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to fullcircle users, basic tech question

Discussion in 'Amps, Mics & Pickups [DB]' started by clochard, Mar 27, 2006.


  1. Greetings folks,
    i've just hooked my db to my new and proud swr-wm12 from my fishman fullcircle PUP, and something doesn't sound right. 2 technical things could cause what I hear (or don't hear), and i'd like your take on these.

    problem: sound seems full enough on lower notes (more or less the lower E and A), but sound kinda "incomplete", ie lacking body or warmth on the mid-upper register.

    a] Obviously, impedance mismatch may be a problem, but from what i've heard of its usual effect, i'm not convinced this would undubitably be the cause. Any inputs on that?

    b] I've had the PUP installed by a reliable luthier with a stronger bridge, but the bottom of the wheel seems awfully close to (if not totally resting on) the base of the bridge. I've read in the documentation that it may cause a "muting" effect. If that'd be the case, wouldn't it cause the lower-end notes to sound muted as well?

    From you fullcircle users, any reactions/inputs/taughts/questions/advices to help me in my quest for a "freeer" sound? Thanks in advance for sharing your experience and knowledge!

    Hugo.
     
  2. anonymous0726

    anonymous0726 Guest

    Nov 4, 2001
    Short answer, I'm guessing that you have the bass knob up to high.

    Because the pickup is on one side of the bridge, those strings are going to sound more pickup-y/piezo-y. This sound is naturally (or unnaturally) compressed, which may add to your effect. Balance the treble/mid/bass so that the notes are coming off into the room balanced and then adjust for tone.
     
  3. You could try rotating the pickup 90º (¼ turn) - according to FC instructions, this might change the sound you're getting…

    Other thoughts: you said that the bottom of the wheel is close to the base of the bridge - I wonder if it makes a difference as to which way up the Full Circle is installed… (pause to check…) …both my basses have the FC installed with the wheel touching the top of the bridge feet and the threaded part screwed into the bridge itself, so the gap (if any) would be between the pickup and the upper part of the bridge.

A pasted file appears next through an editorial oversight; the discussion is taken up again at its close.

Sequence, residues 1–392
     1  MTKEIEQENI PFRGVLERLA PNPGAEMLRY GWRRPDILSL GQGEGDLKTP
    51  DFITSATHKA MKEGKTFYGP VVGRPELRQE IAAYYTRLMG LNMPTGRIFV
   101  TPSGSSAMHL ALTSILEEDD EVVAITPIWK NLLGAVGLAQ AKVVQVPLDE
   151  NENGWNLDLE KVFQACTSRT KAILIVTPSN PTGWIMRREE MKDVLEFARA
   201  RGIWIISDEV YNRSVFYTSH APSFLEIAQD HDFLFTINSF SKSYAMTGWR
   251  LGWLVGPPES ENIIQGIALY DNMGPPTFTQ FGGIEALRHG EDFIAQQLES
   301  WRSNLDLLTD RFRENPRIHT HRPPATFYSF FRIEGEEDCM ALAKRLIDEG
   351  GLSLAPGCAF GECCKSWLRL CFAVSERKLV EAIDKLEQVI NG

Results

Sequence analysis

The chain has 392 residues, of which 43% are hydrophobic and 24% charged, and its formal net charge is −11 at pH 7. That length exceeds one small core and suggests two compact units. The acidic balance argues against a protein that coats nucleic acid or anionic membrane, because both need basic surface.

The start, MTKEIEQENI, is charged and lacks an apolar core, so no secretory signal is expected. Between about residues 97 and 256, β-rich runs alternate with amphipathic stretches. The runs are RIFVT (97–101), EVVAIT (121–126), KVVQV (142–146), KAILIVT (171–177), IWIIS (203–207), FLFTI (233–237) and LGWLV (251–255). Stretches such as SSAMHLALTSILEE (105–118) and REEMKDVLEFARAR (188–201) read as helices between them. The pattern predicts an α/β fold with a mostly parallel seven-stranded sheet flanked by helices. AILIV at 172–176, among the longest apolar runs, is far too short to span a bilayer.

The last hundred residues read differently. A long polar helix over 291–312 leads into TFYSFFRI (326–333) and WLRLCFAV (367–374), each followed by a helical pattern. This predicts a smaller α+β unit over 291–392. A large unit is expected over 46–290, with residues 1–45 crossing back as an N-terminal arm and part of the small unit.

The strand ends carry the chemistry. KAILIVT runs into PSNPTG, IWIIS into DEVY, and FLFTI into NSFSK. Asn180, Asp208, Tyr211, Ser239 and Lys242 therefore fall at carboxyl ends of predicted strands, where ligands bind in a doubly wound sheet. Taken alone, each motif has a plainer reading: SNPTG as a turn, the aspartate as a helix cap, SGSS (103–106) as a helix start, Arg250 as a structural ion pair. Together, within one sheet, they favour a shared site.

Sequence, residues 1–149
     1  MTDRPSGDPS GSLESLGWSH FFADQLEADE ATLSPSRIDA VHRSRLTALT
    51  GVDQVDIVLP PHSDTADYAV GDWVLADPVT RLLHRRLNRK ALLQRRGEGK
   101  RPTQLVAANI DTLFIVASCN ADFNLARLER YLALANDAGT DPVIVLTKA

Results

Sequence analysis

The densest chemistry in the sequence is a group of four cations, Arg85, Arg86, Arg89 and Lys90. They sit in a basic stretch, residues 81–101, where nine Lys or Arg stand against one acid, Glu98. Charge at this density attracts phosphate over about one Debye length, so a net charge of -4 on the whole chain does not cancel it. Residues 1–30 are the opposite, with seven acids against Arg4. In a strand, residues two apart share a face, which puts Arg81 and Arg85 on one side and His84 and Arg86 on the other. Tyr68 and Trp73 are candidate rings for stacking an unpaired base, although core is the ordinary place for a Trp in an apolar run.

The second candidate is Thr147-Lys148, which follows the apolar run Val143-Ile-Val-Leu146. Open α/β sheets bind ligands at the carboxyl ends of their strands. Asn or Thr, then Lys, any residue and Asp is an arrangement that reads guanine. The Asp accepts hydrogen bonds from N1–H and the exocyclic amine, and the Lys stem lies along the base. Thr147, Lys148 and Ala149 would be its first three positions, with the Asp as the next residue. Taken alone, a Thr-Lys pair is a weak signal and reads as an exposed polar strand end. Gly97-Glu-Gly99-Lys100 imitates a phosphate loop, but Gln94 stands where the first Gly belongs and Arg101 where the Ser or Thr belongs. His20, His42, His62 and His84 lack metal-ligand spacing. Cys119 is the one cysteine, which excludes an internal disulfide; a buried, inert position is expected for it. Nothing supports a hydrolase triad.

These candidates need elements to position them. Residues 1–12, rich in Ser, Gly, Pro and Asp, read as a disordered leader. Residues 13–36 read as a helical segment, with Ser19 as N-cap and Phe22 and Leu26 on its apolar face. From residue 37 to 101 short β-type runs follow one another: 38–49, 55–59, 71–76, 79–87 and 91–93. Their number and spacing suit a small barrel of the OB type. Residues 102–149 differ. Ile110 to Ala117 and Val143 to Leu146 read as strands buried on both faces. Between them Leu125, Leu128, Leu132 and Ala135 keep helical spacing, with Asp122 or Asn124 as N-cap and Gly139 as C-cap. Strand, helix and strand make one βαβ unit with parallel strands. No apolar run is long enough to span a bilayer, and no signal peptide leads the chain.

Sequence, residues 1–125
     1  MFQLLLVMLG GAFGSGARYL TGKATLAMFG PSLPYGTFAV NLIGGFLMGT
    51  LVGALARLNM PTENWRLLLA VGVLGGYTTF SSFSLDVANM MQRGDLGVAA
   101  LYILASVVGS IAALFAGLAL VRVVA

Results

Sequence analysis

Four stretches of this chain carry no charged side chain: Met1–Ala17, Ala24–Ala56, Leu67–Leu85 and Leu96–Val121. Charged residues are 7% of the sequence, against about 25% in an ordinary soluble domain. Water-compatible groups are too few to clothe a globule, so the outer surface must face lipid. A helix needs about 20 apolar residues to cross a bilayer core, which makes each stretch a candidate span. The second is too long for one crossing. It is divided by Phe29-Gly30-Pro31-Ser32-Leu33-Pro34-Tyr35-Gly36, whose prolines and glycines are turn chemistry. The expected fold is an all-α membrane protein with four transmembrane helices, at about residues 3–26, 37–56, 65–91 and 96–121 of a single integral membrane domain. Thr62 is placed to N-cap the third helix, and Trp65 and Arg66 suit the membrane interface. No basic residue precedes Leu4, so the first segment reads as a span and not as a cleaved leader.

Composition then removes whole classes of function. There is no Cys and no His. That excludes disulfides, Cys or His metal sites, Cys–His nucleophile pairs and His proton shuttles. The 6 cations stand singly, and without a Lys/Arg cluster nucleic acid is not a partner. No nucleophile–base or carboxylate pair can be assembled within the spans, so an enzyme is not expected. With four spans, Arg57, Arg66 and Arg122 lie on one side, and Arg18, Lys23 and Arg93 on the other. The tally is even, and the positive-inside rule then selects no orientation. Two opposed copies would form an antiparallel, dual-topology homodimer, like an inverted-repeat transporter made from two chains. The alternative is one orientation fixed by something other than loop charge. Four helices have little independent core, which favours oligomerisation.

- Wil
     
  4. hdiddy

    hdiddy Official Forum Flunkee Supporting Member

    Mar 16, 2004
    Richmond, CA
    I had a full circle on my bass too for a while. I think it definitely needs some support from a preamp, preferably a Fishman in particular. However I to noticed other it wasn't completely consistent either. I eventually took it off as the Revolution Solo was a better choice floor me. Try it tho with a preamp -I think you'll hear the difference.
     
  5. PB+J

    PB+J

    Mar 9, 2000
    arlington va
    I had a full circle for a while and liked it a lot--It went with the bass when i sold the bass.

    Sounds like an impedance mismatch to me, although as I remember the full circle was really friendly to ordinary amps. You could try putting a preamp in front of the SWR, or maybe build Fdecks little impedance matching preamp, which is cheap and easy to make. You can find it by searching this forum.

    Are you using a lot of eq? I never liked the "enhancer" knob on SWR gear, i could never figure out what it was doing except scooping mids
     
  6. Chris Fitzgerald

    Chris Fitzgerald Student of Life Staff Member Administrator

    Oct 19, 2000
    Louisville, KY
    Good advice so far. Try it with a few other amps. SWR is famous for the sound you're describing, expecially with the "enhance" knob engaged. I run mine on an AI Focus with the HP filter engaged, and that helps a ton.
     
  7. bassist14

    bassist14

    Oct 17, 2005
    Germany
    i use a fullcircle with a gk mb 150e and a markbass top (500kohm input) without any impedance-problems. (without any preamp) on both amps the eq is nearly flat, and the sound is very even. i never had the problems you described. i would try it with another amp, i don´t think the fullcircle is the problem.
    hope this helps.
     
  8. thanks for all those fast-sprung replies [keep em comin!];

    indeed i'll have to try with other amps *and* with a preamp [things I do not own... i guess i'll get the networkin goin]. Still, upto now, fellow bassists had approved the general "regular-amp-friendly* behavior of the fc pup. I guess having the lower half of the sound-scope set up to "mostly excellent" is a good start. Which goes to confirm that the upper end is always where the trouble comes from :smug: .

    At the moment, playing with the eq knobs didn't attend the matter. I've been intrigued by the effect of the aural enhancer, which only modulated the smily aura I was bearing, without doing much good [or any bad, for that matter] to the db's sound. It mostly seemed to modulate it in an unsuspected way :).

    It's interesting to see that other basses were set up with the PUP not showing any gap to the bridge's foot.

    Keep your comments coming, and i'll try to update this thread with other eventual experiments that'll have to be done regarding this matter. This is all overwhelmingly interesting for me.